Leroy et al on Febrile seizures after 2010-2011 influenza vaccine in young children, United States: a vaccine safety signal from the vaccine adverse event reporting system.

As we have seen, for VAERS to work, we don’t need all side effects and reactions to be reported.

“VAERS is primarily a safety signal detection and hypothesis generating system. Generally, VAERS data cannot be used to determine if a vaccine caused an adverse event. VAERS data interpreted alone or out of context can lead to erroneous conclusions about cause and effect as well as the risk of adverse events occurring following vaccination.”

Shimabukuro et al on Safety monitoring in the Vaccine Adverse Event Reporting System (VAERS).

Also, VAERS is not the only safety system that we have to make sure that our vaccines are safe.

The other thing that folks should understand? Most reports to VAERS are not actually vaccine injuries

More on the Percentage of Reports to VAERS

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3 thoughts on “Are Fewer Than 1% of Vaccine Injuries Reported to VAERS?

  1. A quote from the in-question Harvard Pilgrim Health Care, Inc. study:

    “Adverse events from drugs and vaccines are common, but underreported. Although 25% of ambulatory patients experience an adverse drug event, less than 0.3% of all adverse drug events and 1-13% of serious events are reported to the Food and Drug Administration (FDA). Likewise, fewer than 1% of vaccine adverse events are reported. Low reporting rates preclude or slow the identification of “problem” drugs and vaccines that endanger public health. New surveillance methods for drug and vaccine adverse effects are needed. Barriers to reporting include a lack of clinician awareness, uncertainty about when and what to report, as well as the burdens of reporting: reporting is not part of clinicians’ usual workflow, takes time, and is duplicative. Proactive, spontaneous, automated adverse event reporting imbedded within EHRs and other information systems has the potential to speed the identification of problems with new drugs and more careful quantification of the risks of older drugs.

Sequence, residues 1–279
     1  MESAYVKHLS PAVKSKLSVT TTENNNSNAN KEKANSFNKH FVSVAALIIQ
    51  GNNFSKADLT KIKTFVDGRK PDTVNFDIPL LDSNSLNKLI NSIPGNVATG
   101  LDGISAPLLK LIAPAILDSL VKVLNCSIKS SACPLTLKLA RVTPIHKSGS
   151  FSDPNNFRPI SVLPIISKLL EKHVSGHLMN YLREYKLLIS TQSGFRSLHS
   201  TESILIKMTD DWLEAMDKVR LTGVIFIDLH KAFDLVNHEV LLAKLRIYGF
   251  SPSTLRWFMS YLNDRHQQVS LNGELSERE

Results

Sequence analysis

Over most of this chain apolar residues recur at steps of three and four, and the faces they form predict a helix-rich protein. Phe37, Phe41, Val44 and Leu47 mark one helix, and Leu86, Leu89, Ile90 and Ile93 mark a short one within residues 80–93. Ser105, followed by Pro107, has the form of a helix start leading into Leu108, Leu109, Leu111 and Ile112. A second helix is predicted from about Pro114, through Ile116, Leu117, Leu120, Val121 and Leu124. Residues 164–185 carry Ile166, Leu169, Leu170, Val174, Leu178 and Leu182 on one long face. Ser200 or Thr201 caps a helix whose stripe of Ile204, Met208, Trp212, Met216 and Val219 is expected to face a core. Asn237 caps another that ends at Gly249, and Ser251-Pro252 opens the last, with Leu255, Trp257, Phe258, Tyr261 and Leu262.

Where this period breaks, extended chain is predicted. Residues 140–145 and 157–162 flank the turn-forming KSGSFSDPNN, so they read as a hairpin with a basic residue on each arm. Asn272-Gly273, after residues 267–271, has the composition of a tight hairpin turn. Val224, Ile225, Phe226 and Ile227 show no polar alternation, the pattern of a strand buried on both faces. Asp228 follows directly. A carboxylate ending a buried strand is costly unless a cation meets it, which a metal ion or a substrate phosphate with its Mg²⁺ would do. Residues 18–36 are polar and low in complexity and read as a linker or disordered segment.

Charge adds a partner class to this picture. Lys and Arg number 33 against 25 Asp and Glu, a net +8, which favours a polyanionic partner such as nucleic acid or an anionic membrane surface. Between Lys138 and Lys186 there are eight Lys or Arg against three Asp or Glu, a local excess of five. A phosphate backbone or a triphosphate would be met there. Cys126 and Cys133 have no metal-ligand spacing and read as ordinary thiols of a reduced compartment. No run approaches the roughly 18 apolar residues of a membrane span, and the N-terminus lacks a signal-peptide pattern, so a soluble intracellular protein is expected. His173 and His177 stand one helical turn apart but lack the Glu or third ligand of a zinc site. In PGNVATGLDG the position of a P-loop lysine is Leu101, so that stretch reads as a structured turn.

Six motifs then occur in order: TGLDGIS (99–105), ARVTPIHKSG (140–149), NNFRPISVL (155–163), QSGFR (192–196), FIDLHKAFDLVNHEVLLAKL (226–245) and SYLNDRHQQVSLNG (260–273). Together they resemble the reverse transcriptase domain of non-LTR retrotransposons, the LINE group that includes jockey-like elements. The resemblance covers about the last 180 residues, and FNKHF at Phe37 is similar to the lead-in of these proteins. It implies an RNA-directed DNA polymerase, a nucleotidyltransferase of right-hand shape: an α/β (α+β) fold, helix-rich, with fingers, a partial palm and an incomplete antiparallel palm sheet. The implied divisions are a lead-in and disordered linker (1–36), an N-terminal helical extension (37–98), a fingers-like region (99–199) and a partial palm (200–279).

Unfortunately, there was never an opportunity to perform system performance assessments because the necessary CDC contacts were no longer available and the CDC consultants responsible for receiving data were no longer responsive to our multiple requests to proceed with testing and evaluation”

    They were awarded two $499,405 grants to do that study. Why would the dept. of Health and Human Services award $998,810 in grants for a study, and then simply be non-responsive or “no longer available”? Is it possible – stick with me here, this is a complicated postulation – that someone (CDC, HHS) decided they didn’t like the outcome of the study, and instructed the right people to simply stop communicating with the researchers?

  2. Technically speaking, the Pilgrim-Health thing isn’t even a study. It’s a progress report on the ESP:VAERS system implementation.

    There was no study. There was no analysis of data.

    The 1% thing was just a unattributed and uncited figure in the “results” paragraph.